Here is a terrific article written by Jayda Evans for the Seattle Times about women’s college basketball media guides and a trend toward photo shoots that highlight the players’ femininity (code word for heterosexuality, in my opinion). The problem is that this is nothing new. Back in the late 80’s there were several media guide covers that featured players in sexy dresses and high heels or similar attire. The most offensive one was from, I believe, Southwest Louisiana that featured the women’s team dressed as Playboy bunnies in Playboy bunnyish poses. The copy read, “These girls can play, boy!” The arena was called the “pleasure palace.” Guess who they were marketing to.
This is just more of the same tired old “sell women’s sports as heterosexy and feminine” to ward off those unsavory associations with lesbians. Whether trying to market women’s sports to fans or appeal to potential recruits we just can’t seem to turn the corner on that fear and put it behind us. It keeps popping back up like that punching back guy with the weighted bottom. Punch him and he goes down, then rocks right back up. Punch him again… We need to move on, for the love of Pete (whoever he is).
Google “woman athlete” in images. See what you get. Yep, women athletes in sexy poses. Google “male athletes” or “athletes” and you get men playing sports. People, it’s almost 2010. The protective camouflage of feminine (heterosexual) drag didn’t work in the 1950s, 60s, 70s, 80s, 90’s or the first 10 years of the new millennium. What the hell makes anyone think it will work now?
New Flash, people! There are lesbians playing and coaching sports. Some of them win national championships and set world records. Some were the pioneers who fought for the rights of young women who enjoy playing sports today.
Plus, it is so simplistic to think that all lesbian athletes shun dresses, high heels and make-up or that all straight athletes can’t wait to put on their femwear as soon as they get off the court. It’s drag! And it has nothing to do with anything, except, of course, conforming to fantasies about what it means to be a man or woman, gay or straight.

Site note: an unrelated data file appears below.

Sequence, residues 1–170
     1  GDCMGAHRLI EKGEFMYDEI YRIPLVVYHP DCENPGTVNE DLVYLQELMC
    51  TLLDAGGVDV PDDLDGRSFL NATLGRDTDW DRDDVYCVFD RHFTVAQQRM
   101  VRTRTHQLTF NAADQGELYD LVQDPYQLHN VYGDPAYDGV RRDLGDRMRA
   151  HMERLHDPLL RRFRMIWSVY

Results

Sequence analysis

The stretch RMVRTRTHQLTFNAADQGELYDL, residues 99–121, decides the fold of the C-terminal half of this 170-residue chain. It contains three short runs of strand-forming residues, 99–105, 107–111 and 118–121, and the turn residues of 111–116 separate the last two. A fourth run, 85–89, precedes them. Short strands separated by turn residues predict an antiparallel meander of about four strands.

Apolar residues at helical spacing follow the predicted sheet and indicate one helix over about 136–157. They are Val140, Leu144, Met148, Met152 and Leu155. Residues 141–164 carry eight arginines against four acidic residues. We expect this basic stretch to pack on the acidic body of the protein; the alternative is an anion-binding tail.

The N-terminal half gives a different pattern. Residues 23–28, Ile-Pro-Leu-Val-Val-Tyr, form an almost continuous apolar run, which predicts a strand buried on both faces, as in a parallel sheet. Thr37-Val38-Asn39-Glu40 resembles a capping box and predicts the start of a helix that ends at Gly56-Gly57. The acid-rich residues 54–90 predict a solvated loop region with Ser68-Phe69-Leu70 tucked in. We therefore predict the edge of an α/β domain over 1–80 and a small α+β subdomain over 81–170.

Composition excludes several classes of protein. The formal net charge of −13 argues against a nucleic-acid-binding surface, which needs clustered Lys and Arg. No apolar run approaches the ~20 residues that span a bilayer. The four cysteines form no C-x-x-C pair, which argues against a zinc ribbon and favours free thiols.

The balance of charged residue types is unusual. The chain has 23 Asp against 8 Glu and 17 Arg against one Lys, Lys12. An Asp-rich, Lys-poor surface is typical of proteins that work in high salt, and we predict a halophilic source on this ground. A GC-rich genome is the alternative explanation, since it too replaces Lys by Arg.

What’s more frustrating is that we now have emerging research that indicates that the sexualizing or feminizing of women athletes to make women’s sports more palatable, popular or acceptable doesn’t work. A study by Mary Jo Kane at the University of Minnesota indicates that showing women athletes in sexy poses to young men only makes them want to see more sexy photos of the women. It does not make them want to rush out and buy season tickets to the nearest WNBA franchise. At the same time these sexy photos turn off other important fan constituencies: Older men, who are likely to be fathers of women athletes, and most women.
Another study recently completed by Vikki Krane at Bowling Green University indicates that young women, the recruiting targets that team media guides are aimed at, want to see women athletes playing their sports (duh!), not posing for a faux Playboy feature or a high school prom picture. These findings make it all the more depressing that the “new” trend in team media guides for college women’s basketball seems to be the same old same old.
We just can’t seem to take that bold step out of the closet it would take to be proud of ALL the women who play sports: the lesbians, the heterosexual women, the big women, the small women, the femmy ones and the butch ones. We keep apologizing for who we are. We keep compensating for our strength and athleticism and our muscles by pushing the pretty or sexy ones forward, as Marie Hart said back in the 1960’s. We keep posing in sexy or femmy costumes to disguise the reality of our diversity.
Maybe one thing that Elizabeth Lambert did for women’s sports is shock people into seeing that women athletes are tough and women’s sports are not tea parties anymore. Though I deplore the violence in that incident, at least it showed tough competitive women playing sport not primping for a date after the game. We could do with a lot more honesty in how we present women’s sport. If we never get that 18-35 male demographic into the stands, who cares? Let’s not sell our souls trying.
We keep talking about how the world has changed for women athletes, but if it has only become acceptable to be a feminine appearing heterosexual acting athlete than not that much has really changed at all.Powered by Sidelines